Although the game tells you to hide behind walls until you begin to attack, this is not needed as enemies always act the same stupid way. When you approach soldiers from behind, it takes ages until they realize that someone is attacking them. In the first chapters of the game, difficulty feels too easy as the enemies act so dull that it’s more like a morning walk than a real challenge. Only in later chapters, stronger enemies appear.
On the contrary, boss fights and fights with the Valkyria are more difficult compared to normal missions. If your characters are not strong enough, you won’t be able to beat those enemies so easily, especially on normal difficulty. On easy, those fights can still take some time which seems a bit odd as normal missions don’t take that long. Generally, I didn’t like the boss fights as those enemies can move faster than you and seem to have better weapons as well. Some boss fights also require lots of grinding.
During the several chapters, you will visit the same places over and over again which makes the game very repetitive. After having fought the same enemies on the same battle field for over three times, I felt kind of betrayed by the game. One of the hightlights of the game is the boss fight in chapter 7 but I won’t give more details as I don’t want to spoil it.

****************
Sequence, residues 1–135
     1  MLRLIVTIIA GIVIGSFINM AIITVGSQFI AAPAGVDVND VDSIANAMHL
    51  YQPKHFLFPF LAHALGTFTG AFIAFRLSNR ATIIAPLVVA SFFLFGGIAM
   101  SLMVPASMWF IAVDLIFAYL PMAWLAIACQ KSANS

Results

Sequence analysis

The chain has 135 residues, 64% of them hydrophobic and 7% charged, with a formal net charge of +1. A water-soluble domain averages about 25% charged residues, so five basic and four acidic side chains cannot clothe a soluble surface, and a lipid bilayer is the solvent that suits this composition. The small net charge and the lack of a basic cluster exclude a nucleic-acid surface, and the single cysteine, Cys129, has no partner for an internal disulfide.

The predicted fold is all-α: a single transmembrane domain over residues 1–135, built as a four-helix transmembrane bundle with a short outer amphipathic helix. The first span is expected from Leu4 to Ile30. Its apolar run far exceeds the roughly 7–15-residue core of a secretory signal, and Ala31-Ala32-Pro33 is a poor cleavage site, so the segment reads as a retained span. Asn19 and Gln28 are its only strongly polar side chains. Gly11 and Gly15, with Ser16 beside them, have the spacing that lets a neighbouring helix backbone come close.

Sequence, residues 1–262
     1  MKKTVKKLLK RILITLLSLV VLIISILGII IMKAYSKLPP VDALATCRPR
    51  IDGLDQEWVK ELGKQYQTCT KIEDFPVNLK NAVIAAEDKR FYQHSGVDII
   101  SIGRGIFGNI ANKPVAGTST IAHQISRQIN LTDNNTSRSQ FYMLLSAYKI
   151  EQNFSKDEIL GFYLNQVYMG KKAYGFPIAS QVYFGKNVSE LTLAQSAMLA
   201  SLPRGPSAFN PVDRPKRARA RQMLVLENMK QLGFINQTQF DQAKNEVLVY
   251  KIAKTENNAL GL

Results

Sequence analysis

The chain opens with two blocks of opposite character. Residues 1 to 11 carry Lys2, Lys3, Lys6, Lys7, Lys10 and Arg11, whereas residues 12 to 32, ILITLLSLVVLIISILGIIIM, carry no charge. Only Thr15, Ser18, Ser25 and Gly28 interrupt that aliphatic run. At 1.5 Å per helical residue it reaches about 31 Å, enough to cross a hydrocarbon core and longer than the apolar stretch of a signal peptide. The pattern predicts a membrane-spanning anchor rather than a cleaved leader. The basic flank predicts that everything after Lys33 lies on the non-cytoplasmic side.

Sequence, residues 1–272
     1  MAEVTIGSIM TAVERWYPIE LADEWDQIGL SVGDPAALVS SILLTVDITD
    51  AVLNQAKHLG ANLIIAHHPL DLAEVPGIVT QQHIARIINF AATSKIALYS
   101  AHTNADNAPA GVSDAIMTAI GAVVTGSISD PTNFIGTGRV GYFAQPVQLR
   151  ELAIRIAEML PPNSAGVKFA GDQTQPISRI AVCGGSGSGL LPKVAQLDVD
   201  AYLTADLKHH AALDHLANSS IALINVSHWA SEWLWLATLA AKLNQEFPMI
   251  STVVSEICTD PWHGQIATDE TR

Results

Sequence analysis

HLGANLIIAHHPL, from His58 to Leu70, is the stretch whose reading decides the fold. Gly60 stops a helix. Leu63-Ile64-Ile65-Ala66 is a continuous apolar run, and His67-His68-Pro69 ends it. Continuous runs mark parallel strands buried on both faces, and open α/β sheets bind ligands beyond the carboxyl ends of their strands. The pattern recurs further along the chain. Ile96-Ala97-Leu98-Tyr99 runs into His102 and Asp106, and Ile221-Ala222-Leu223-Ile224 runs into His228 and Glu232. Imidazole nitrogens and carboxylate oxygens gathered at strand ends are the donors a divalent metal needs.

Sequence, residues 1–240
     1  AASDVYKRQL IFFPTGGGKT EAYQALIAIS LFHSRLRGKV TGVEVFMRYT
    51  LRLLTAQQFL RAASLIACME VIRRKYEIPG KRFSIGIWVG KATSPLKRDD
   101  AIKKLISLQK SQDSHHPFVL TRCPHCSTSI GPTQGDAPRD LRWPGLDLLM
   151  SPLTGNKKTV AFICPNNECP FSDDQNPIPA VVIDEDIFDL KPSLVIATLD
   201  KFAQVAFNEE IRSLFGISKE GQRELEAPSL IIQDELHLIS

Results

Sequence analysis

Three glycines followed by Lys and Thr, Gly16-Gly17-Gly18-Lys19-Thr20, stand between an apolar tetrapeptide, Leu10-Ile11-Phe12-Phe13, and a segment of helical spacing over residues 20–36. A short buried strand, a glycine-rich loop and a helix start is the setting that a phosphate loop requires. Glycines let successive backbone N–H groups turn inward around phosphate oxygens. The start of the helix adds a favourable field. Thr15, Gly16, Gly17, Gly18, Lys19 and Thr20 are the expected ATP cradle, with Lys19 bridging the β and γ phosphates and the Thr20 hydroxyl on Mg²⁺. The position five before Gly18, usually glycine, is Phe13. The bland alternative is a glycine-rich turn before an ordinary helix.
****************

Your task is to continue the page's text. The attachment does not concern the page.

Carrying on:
But besides that, missions are quite bland and boring, especially in later chapters, where you have to search for the enemies to be able to complete a mission. Although the game tells you “enemy reinforcements”, it is you who has to search them as the enemy AI is so dumb. It happened often to me that I missed killing one or two soldiers that I had to search for the last men standing until I could complete a mission.
I also hated some of the training missions, as some of them are frustratingly difficult and even on easy difficulty, they are hard to master. There are also longer missions that are divided into several missions but when you fail one of those longer missions, you always have to start from the beginning which is quite annoying.
Valkyria Revolution has also some annoying glitches on the PS Vita. During the boss fight in chapter 1, the boss moved outside of the borders and I could not reach him anymore with my melee weapons. After I ran out of secondary weapons and skills, I could not attack him anymore and I only could give up the mission as the boss was unreachable.